Also, do not ever entertain conversation with a stranger in an isolated or unsafe environment such as a parking garage. If they ask you the time, hold your hand up and say, “Sorry, have to go,” and keep going. These conversations can actually be “interviews” by a potential attacker who is deciding if you are a good target.

If you find yourself needing help while out and about and you are a woman, ask a woman for help. If there is not a woman, then ask a man. That is not sexist. It’s statistics. Also, the odds of you asking an attacker for help is low. The odds of one offering help to you is higher. If someone offers help and you tell them no, they shouldn’t keep pressing you. No is sufficient. It is a complete sentence. Stand your ground and tell them to back away. Worse case scenario, they are offended. Best case, you save your own life.

You need no permission to keep yourself safe. It is your right. Exercising that right is not rude. It is the acme of civility.

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"You need no permission to keep yourself safe." Visit The Suspense Sisters to see what else Carla Hoch has to say about self-defense and about writing fight scenes. 

Wednesday, May 16, 2018


Linda J. White writes FBI thrillers from her home in rural Virginia. Her husband, Larry, was a video producer/director at the FBI Academy for over 27 years. Mother of three grown children, Linda is also a national-award winning journalist and a women’s ministry speaker. When she’s not writing, she can be found playing with Keira, her Sheltie, reading a book, or dreaming of the beach.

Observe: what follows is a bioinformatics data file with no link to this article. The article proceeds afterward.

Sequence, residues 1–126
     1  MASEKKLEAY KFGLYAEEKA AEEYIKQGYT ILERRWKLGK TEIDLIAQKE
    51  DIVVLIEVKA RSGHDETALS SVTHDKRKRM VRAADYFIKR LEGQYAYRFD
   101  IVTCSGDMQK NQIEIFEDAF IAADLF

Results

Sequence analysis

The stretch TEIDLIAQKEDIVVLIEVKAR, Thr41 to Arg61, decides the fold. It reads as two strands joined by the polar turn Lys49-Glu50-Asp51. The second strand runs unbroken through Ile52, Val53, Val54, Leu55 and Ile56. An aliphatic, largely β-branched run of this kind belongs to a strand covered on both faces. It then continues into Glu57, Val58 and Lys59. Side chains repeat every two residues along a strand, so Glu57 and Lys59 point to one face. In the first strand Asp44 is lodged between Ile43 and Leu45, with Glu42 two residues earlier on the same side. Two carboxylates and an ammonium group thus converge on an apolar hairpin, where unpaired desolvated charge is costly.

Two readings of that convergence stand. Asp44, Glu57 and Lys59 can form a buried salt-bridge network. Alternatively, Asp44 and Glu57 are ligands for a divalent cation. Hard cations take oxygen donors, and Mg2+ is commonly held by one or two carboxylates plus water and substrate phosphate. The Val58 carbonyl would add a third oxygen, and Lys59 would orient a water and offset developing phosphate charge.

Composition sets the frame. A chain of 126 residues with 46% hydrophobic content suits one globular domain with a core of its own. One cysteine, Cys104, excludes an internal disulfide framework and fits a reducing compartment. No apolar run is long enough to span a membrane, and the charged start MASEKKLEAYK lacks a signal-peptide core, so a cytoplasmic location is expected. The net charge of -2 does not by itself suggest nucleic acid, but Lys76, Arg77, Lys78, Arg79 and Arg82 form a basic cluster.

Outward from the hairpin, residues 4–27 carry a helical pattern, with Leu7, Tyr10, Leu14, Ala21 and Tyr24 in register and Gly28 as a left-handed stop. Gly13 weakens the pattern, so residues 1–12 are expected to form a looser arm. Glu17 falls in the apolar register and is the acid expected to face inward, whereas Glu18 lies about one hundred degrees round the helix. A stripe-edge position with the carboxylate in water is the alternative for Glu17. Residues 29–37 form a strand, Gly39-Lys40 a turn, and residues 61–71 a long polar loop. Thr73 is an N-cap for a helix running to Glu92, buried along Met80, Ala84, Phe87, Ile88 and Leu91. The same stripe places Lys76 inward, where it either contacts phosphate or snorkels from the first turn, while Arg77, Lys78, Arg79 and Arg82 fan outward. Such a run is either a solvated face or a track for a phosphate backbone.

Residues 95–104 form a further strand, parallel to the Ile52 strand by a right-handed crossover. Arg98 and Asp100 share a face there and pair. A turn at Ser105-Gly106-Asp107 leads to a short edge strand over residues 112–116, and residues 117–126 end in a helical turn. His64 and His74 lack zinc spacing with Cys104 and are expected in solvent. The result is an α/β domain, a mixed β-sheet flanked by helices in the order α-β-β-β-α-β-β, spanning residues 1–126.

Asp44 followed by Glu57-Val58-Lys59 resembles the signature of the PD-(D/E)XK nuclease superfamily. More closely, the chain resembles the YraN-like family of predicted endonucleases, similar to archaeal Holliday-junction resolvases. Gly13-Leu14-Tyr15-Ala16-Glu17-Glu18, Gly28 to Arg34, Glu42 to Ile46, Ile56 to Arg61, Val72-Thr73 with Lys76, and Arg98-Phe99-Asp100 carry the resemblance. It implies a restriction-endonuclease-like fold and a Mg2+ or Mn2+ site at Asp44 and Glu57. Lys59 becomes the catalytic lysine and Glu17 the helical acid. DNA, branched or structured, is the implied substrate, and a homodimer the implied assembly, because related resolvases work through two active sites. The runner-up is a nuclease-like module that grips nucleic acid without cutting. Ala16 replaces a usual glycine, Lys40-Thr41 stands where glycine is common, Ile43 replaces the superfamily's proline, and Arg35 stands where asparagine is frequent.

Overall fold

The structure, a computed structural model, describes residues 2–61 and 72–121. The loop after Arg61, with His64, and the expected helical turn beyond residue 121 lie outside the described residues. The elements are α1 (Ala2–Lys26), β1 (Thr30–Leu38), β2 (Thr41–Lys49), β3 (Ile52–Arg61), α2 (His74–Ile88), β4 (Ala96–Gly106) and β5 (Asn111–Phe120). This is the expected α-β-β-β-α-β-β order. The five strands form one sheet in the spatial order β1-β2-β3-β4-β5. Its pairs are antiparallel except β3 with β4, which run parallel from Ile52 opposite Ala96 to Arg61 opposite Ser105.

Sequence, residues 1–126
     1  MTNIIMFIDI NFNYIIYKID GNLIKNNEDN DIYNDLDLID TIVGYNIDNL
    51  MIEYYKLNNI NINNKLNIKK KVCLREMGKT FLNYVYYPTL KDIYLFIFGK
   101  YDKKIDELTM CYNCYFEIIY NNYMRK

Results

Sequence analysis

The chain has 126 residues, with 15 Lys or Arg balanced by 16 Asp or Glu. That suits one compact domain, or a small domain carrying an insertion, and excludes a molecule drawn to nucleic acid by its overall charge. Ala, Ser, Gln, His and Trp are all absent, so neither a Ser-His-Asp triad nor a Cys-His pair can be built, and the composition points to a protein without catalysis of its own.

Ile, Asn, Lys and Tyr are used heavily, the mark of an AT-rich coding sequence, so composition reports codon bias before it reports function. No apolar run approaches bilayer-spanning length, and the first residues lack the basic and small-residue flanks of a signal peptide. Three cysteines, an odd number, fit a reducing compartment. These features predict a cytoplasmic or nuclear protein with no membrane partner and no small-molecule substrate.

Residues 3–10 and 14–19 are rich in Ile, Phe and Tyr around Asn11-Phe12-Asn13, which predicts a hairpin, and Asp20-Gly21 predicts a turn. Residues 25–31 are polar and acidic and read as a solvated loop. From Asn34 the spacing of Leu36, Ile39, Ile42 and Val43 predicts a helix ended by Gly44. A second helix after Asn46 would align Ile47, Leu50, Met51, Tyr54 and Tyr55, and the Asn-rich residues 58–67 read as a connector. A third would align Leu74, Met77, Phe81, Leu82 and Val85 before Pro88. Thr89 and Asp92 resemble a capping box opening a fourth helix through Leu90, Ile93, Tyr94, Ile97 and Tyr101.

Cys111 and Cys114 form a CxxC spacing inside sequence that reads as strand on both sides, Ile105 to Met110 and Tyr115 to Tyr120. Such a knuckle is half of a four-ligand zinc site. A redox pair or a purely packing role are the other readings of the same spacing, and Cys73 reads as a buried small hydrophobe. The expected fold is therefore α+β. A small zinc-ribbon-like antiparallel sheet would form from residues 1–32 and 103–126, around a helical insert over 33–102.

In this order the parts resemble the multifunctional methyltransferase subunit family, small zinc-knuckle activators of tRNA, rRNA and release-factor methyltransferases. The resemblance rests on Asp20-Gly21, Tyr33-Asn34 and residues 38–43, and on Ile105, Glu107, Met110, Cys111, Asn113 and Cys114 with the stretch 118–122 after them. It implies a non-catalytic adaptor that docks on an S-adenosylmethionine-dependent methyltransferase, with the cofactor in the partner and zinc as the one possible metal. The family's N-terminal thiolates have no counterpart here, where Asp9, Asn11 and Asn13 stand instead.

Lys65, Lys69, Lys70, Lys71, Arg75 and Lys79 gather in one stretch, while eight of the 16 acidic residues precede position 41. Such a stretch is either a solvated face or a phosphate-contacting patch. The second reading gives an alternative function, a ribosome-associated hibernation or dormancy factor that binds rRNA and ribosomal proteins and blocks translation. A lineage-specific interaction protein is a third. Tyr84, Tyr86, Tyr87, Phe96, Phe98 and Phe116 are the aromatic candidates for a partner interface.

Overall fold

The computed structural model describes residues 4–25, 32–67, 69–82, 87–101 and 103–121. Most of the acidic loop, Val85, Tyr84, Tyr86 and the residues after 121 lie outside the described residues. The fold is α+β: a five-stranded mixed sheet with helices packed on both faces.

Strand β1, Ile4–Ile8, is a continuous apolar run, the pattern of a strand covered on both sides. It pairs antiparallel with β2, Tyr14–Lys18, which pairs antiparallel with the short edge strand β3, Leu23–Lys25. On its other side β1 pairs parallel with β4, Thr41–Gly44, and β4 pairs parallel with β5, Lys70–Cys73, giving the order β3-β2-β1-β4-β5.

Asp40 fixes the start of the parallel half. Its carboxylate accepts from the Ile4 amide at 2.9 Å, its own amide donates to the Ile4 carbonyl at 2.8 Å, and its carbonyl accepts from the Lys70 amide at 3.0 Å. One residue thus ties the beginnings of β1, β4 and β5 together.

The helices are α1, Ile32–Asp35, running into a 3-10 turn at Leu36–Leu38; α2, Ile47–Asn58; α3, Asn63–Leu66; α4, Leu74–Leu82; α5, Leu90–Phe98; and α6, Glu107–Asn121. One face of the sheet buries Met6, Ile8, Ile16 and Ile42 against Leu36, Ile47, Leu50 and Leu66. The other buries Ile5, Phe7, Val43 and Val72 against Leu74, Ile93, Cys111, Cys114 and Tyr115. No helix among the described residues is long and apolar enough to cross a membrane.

Website: lindajwhite.com
Facebook: https://www.facebook.com/LindaJWhiteBooks?ref=hl
Twitter: @rytn4hm

Pretty Words and Pink Slips

Every writer has to learn to deal with rejection. But then, so do you. Being rejected is part of the human condition, and the sooner we learn to adopt a godly perspective on it, the happier we’ll be.

Rejections come hard for a writer at first. We labor over our
words, choosing each one carefully, writing and re-writing our work until we believe it is perfect. Then, whether it’s a blog post or a magazine article or a book, we send it off with high hopes and a flock of prayers.

Most of the time, especially in the beginning, the answer comes back, “Not for us”—if there’s any answer at all.

Believe me, that hurts! But so does not being chosen at the dance or for the team or for a romantic relationship. So does having your brothers despise you (Joseph), your husband prefer another (Leah), or a friend betray you (Jesus). Rejection happens! So what’s a person to do?

Here’s how I’ve been learning to cope with rejection:

1. Trust God: “For I know the plans I have for you … plans for good and not for evil, to give you a future and a hope.” Jeremiah 29:11. Nothing can stop God’s plan for me.

2. Believe in His love: “I have loved you with an everlasting love.” Jeremiah 31:3 I meditate on the Cross, and what it cost Jesus to save me.

3. Choose hope: “Rejoice in hope, be patient in tribulation, be constant in prayer.” Romans 12:12 Rejection is a form of tribulation, but I choose hope—because God loves me and he is sovereign.

How have you dealt with rejection? Comment below for a chance to win a $15 Amazon gift card or a paperback copy of any of my six FBI thrillers.

Linda J. White